How is a deer mouse like a grad student?

October 03, 2011

By Kate Thibault

The majestic, 500-pound lion lazing in the grass awaiting its next meal (provided generously by the females in his pride). The surprising, 20-foot-tall giraffe grabbing leaves with its foot-and-a-half-long tongue. The bizarre bouncing deer with a pouch, the kangaroo. These charismatic megafauna can’t help but inspire awe and curiosity in most people. As a scientist that studies wild mammals, I too revel in the incredible diversity and occasional absurdity of these critters.

But I see these species as ‘gateway species’they get people who might otherwise not be so inclined to get hooked on the natural world. And once people are hooked, you can introduce them to the real, hard-core mammals—the ones that are small, extremely abundant, and easy to overlook. These characteristics imbue these species with a scientist’s favorite trait in a mammal—easy to study (relatively anyway—I realize not everyone finds hauling traps into remote places or poking and prodding individuals in a laboratory easy). Because of this relative ease of study, we learn a lot from these species—most of our knowledge about mammals really comes from these not-as-charismatic minifauna. In North America, the hardest-core mammal is definitely the North American deer mouse (Peromyscus maniculatus)—a focal species of NEON small mammal work. The deer mouse is the most widespread rodent in North America. It occurs across most of the continent, with the exception of much of Alaska, northern Canada, western and southeastern Mexico, and the southeastern U.S. There are about 14 other similar, closely related species (in the same genus) in North America, but none of these have reached the level of fame and fortune as the North American deer mouse.

This species has such a ginormous geographic range because it can pretty much eat anything and live anywhere. It eats everything from seeds to bugs to fungi, and occurs in virtually any and every habitat available throughout this range, from desert to boreal forest. It can also have up to 8 adorable pups in a litter, and, in the laboratory where food is cheap, it can have up to 14 litters a year and live for 8 years. Finally, it is an extremely variable beast, on the inside and out. For example, its fur can be any shade of brown or, if it lives in lava fields, it can be black as night. When it’s cold outside, deer mice just build a bigger and better nest and invite a handful of friends over for some snuggling. As our parents taught us, there are many downsides to an ‘anything goes’ lifestyle. From our perspective, the biggest downside to the incredible flexibility of the deer mouse is its fondness for sharing our homes with us, particularly for those that live in rural areas. If you have a really cute, big-eared mouse eating your oatmeal, building nests with your paper towels, and pooping under your sink, it is probably a deer mouse. The good news is that one of the reasons we scientists love the deer mouse is good for everyone—they love free food in a trap just as much as a grad student loves free pizza.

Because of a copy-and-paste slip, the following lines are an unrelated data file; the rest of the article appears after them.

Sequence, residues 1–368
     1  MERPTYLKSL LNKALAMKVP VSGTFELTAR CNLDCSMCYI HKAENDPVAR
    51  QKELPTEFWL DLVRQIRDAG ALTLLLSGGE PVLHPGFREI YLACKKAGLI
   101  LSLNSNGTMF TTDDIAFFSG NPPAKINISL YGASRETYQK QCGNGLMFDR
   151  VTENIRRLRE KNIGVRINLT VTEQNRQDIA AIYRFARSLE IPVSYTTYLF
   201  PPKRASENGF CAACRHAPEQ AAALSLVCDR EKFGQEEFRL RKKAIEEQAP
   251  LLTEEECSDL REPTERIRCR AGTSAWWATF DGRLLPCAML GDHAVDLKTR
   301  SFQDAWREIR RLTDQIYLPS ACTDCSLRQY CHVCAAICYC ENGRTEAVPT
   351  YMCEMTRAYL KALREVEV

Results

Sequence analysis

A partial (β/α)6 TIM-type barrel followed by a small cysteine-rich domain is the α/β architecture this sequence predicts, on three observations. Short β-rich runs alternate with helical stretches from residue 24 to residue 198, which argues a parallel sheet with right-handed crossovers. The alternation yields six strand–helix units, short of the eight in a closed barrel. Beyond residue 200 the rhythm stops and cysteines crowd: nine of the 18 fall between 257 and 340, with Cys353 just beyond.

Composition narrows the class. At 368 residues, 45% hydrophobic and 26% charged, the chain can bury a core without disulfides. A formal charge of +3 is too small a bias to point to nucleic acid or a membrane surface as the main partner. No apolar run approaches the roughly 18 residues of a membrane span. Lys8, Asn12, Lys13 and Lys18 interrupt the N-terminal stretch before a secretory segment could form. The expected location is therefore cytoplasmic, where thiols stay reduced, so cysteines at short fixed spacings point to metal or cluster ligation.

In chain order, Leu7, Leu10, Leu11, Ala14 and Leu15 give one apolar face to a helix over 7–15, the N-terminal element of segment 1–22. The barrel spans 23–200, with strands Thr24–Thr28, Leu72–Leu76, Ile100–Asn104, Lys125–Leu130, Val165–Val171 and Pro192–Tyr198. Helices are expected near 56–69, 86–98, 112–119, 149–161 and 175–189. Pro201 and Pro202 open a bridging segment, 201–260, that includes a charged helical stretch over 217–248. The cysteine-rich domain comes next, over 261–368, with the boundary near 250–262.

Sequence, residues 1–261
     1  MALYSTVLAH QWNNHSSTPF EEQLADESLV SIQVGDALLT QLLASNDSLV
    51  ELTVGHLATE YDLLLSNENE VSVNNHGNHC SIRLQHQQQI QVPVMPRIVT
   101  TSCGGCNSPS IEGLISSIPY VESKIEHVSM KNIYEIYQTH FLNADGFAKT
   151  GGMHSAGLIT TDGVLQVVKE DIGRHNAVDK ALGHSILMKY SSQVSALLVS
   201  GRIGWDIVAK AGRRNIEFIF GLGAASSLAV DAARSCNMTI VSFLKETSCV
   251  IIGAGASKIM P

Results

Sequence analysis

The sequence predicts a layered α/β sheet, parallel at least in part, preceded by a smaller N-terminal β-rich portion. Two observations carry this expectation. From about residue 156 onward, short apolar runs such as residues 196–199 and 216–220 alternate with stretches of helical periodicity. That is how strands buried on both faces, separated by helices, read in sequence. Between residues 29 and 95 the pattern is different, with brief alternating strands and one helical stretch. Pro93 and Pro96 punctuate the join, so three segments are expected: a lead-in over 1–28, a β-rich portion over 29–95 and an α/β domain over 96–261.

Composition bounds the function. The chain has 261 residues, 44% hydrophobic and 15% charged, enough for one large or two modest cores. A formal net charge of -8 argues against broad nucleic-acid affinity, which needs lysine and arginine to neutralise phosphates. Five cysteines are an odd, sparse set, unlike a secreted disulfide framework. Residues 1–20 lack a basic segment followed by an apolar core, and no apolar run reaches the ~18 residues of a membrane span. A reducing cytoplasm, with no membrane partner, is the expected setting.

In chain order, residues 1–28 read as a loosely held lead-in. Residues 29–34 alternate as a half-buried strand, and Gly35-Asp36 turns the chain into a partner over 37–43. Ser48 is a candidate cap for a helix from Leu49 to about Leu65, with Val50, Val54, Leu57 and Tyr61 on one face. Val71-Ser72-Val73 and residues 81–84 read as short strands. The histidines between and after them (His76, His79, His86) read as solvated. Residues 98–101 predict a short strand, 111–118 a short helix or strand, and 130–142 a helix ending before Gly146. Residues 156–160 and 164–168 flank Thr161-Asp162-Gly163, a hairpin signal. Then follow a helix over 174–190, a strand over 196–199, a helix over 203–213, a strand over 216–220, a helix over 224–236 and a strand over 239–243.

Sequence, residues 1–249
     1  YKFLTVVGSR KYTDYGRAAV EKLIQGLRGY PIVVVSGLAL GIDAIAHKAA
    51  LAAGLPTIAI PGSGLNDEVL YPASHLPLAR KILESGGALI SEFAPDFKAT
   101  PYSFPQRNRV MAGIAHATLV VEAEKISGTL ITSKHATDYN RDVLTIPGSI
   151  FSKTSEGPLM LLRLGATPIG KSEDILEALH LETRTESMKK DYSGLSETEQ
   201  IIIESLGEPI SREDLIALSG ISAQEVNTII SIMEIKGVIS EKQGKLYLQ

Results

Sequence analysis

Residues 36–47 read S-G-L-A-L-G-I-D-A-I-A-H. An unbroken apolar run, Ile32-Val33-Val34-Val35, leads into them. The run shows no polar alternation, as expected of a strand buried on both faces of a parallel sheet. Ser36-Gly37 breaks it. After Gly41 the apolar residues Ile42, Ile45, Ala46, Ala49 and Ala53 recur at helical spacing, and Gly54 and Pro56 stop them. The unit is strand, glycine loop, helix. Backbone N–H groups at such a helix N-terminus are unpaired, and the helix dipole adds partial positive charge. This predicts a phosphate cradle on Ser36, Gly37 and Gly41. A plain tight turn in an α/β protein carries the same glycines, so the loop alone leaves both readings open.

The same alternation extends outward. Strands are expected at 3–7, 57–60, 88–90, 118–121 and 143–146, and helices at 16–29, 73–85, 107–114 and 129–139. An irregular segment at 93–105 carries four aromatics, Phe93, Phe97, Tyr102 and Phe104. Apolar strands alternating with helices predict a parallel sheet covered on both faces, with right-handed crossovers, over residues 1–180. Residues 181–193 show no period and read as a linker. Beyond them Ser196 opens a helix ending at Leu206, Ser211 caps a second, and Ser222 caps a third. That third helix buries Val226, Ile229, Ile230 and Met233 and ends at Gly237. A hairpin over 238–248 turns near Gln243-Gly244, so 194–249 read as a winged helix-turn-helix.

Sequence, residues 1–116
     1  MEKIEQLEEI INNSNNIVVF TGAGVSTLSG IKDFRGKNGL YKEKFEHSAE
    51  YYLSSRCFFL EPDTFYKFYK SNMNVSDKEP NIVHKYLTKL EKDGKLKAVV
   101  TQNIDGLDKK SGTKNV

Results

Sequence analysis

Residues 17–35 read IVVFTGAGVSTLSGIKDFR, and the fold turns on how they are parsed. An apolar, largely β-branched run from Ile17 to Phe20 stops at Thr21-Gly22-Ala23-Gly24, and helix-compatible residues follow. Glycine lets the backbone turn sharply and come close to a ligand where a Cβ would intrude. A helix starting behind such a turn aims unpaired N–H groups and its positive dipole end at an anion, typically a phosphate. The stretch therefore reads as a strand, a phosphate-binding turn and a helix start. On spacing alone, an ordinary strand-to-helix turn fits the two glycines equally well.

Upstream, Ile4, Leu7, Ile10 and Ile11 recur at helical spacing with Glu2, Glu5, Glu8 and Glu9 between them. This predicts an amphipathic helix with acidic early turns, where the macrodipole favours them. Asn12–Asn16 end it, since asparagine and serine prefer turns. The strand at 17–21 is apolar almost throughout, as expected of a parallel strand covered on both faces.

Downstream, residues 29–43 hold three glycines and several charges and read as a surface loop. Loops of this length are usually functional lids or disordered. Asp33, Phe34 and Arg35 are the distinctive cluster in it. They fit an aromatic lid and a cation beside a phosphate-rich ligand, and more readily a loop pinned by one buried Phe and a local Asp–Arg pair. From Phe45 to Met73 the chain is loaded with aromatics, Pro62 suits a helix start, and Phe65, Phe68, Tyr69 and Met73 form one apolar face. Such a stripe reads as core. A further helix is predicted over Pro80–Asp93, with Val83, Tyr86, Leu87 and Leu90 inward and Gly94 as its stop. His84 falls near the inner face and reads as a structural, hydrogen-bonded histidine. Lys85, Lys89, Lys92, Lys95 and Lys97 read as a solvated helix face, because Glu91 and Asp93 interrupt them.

Because it occurs in a lot of places and often in abundance, the deer mouse is a major prey species for a lot of medium-sized carnivores—foxes, skunks, and weasels, to name a few. Although this is unfortunate for the individuals that become prey, this is great service for biodiversity in general. For the same reasons, the deer mouse is also a perfect vehicle for infectious diseases—namely hantavirus, plague, and Lyme disease – which makes understanding the population dynamics of this species important for public health. Don’t panic—these diseases are often treatable and, you are, of course, much more likely to die in your car or even by a lawn mower. Just be safe—follow the CDC guidelines for safe clean-up of the things deer mice leave behind. Now you know more about the most common species in your backyard and most of North America than most people do. If you keep following NEON, we will learn even more about this very important critter together, and come to appreciate that there is much more to life than charismatic megafauna.

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